[4-20-2012] The U.S. Food and Drug Administration (FDA) is warning of possible risks when using blood pressure medicines containing aliskiren with other drugs called angiotensin converting enzyme inhibitors (ACEIs) and angiotensin receptor blockers (ARBs) in patients with diabetes or kidney (renal) impairment. These drug combinations should not be used (are contraindicated) in patients with diabetes. In addition, a new warning is being added to avoid use of these drug combinations in patients with kidney impairment. The labels for the aliskiren drugs are being updated based on preliminary data from a clinical trial, “Aliskiren Trial in Type 2 Diabetes Using Cardio-Renal Endpoints (ALTITUDE).”
A list of medicines containing aliskiren is found in the Drug Facts box. Lists of approved ACEIs and ARBs are found in Tables 2 and 3.
In ALTITUDE, the risks of kidney (renal) impairment, low blood pressure (hypotension), and high potassium blood levels (hyperkalemia) in a group of patients taking aliskiren plus an ARB or ACEI increased relative to a group of patients taking placebo plus an ARB or ACEI. The preliminary data from ALTITUDE also demonstrated a slight excess of cardiovascular events (death or stroke) in the aliskiren group [see Data Summary]; however, FDA has reached no definite conclusion regarding an actual link between these drugs and death or stroke. FDA will evaluate the final trial results as well as results from other aliskiren trials and will communicate any new information when it becomes available.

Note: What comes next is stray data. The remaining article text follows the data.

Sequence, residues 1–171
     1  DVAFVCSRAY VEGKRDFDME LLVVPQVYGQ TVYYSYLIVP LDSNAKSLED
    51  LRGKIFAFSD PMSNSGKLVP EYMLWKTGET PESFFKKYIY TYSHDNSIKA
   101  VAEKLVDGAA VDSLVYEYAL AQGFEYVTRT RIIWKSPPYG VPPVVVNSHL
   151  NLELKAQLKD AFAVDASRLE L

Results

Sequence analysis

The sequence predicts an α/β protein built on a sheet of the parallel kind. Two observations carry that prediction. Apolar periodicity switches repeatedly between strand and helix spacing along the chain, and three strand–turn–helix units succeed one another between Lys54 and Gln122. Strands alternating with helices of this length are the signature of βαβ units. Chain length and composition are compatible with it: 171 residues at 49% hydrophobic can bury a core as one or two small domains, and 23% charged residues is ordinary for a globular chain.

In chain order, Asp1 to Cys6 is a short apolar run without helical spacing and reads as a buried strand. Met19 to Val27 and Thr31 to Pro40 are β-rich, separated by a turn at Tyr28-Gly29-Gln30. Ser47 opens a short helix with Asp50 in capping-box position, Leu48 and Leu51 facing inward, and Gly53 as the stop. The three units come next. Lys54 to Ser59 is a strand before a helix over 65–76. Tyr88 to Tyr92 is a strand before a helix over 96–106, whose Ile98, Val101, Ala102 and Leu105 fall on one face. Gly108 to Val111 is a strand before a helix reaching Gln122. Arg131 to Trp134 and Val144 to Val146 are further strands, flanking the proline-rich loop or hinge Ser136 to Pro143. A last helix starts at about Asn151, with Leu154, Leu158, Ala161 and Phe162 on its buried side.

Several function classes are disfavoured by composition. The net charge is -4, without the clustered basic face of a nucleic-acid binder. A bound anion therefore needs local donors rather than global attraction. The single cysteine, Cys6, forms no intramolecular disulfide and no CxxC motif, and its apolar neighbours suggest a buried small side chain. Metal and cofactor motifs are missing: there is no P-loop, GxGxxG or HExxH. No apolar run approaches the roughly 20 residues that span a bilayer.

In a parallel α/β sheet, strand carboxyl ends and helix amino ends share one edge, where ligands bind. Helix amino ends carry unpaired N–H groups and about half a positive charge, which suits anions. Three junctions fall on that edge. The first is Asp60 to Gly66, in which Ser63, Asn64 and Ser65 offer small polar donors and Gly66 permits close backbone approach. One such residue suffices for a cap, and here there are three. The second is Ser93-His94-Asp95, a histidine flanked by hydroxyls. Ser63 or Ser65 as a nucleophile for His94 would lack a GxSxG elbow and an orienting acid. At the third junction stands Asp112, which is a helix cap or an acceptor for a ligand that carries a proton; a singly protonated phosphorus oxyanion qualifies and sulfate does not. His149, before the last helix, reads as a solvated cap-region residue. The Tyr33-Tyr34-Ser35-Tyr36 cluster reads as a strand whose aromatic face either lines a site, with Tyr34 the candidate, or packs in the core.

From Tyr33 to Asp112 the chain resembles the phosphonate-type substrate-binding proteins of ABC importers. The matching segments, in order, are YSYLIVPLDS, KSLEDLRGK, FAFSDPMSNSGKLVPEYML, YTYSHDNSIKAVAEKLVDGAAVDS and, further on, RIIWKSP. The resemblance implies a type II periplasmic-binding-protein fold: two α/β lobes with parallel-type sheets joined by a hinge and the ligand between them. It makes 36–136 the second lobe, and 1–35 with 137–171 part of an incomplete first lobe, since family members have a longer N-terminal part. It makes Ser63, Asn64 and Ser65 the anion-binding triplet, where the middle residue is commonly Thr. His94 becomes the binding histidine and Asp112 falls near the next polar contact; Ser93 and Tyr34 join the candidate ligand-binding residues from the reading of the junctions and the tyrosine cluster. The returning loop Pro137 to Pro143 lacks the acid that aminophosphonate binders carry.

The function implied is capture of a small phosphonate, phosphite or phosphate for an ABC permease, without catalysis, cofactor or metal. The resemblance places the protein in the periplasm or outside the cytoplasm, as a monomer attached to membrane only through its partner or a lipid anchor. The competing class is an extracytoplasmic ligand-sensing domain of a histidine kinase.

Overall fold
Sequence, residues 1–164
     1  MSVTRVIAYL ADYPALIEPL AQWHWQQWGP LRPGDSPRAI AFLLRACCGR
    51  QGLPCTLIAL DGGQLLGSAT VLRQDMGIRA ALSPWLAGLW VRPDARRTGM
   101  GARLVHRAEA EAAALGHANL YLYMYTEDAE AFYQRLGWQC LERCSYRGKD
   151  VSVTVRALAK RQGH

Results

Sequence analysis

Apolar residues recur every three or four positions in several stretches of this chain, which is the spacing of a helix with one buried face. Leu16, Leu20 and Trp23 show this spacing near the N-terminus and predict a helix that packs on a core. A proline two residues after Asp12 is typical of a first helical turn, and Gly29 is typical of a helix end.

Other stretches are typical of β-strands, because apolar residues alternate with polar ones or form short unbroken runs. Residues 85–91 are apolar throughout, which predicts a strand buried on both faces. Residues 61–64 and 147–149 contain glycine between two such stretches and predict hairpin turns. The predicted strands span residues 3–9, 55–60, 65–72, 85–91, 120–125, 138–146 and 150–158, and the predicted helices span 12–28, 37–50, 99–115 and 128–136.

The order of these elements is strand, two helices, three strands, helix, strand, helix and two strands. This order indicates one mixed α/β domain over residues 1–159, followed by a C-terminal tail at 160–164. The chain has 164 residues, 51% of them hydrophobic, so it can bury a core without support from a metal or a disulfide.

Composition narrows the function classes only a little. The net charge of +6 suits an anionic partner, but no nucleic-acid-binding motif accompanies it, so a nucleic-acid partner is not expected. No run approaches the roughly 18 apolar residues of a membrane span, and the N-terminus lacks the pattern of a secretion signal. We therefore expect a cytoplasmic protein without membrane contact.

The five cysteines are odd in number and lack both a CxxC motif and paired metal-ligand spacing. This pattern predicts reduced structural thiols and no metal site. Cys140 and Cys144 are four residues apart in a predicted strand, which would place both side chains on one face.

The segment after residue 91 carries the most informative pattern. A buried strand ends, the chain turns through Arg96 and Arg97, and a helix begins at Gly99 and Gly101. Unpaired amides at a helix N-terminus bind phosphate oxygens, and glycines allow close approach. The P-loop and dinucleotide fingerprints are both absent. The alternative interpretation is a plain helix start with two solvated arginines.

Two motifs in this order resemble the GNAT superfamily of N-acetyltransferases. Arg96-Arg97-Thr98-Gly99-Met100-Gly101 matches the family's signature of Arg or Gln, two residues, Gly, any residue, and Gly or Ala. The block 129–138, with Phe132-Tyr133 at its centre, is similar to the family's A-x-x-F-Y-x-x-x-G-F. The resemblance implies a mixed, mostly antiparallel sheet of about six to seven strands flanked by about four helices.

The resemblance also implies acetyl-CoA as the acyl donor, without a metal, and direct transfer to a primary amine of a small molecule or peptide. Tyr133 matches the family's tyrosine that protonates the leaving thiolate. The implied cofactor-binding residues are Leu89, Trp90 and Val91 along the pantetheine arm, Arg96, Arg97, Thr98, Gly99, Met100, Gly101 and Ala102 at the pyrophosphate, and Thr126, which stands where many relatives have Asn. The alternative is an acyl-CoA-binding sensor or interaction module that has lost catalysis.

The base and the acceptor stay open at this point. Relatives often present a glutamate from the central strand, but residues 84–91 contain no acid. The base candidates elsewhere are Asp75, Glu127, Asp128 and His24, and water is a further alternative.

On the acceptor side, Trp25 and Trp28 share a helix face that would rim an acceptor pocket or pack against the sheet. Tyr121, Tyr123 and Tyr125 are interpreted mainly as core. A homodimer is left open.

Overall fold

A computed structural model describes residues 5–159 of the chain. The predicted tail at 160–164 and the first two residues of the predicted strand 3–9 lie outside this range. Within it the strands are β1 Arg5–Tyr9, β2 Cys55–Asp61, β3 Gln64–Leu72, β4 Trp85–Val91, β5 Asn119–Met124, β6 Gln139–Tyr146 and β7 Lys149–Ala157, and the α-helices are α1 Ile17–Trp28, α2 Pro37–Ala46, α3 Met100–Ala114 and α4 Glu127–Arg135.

The following recommendations are being added to the drug labels for aliskiren-containing products as of 4/20/12:
- A new contraindication against the use of aliskiren with ARBs or ACEIs in patients with diabetes because of the risk of renal impairment, hypotension, and hyperkalemia.
- A warning to avoid use of aliskiren with ARBs or ACEIs in patients with moderate to severe renal impairment (i.e., where glomerular filtration rate [GFR]
Facts about aliskiren-containing products
Additional Information for Patients
- Do not stop taking aliskiren without talking to your healthcare professional. Stopping aliskiren suddenly can cause problems if your high blood pressure (hypertension) is not treated.
- Tell your healthcare professional if you are taking an angiotensin converting enzyme inhibitor (ACEI) or an angiotensin receptor blocker (ARB). (See Tables 2 and 3)
- Tell your healthcare professional if you have been diagnosed with diabetes or kidney problems.
- Discuss any questions you have about aliskiren with your healthcare professional.
- Report any side effects you experience to the FDA MedWatch program using the information in the “Contact FDA” box at the bottom of the page.
- Concomitant use of aliskiren with ARBs or ACEIs in patients with diabetes is contraindicated because of the risk of renal impairment, hypotension, and hyperkalemia.
- Avoid use of aliskiren with ARBs or ACEIs in patients with renal impairment where GFR
- Valturna (a combination drug containing aliskiren and valsartan) should not be used in patients with diabetes.
- Valturna will no longer be marketed after July 2012. See Novartis’s website for more information.
- Be aware of the preliminary findings from the ALTITUDE trial for death and stroke; FDA has not concluded that there is a link between these drugs and death or stroke [see Data Summary]
- Report adverse events involving aliskiren to the FDA MedWatch program, using the information in the “Contact FDA” box at the bottom of the page.
FDA has evaluated preliminary data from ALTITUDE (Aliskiren Trial in Type 2 Diabetes Using Cardio-Renal Endpoints), a clinical trial conducted post-approval. ALTITUDE was terminated early for lack of efficacy and because risks of renal impairment, hypotension, and hyperkalemia were observed to be greater in diabetic patients treated with aliskiren than in patients treated with placebo. The information below describes the ALTITUDE interim trial results.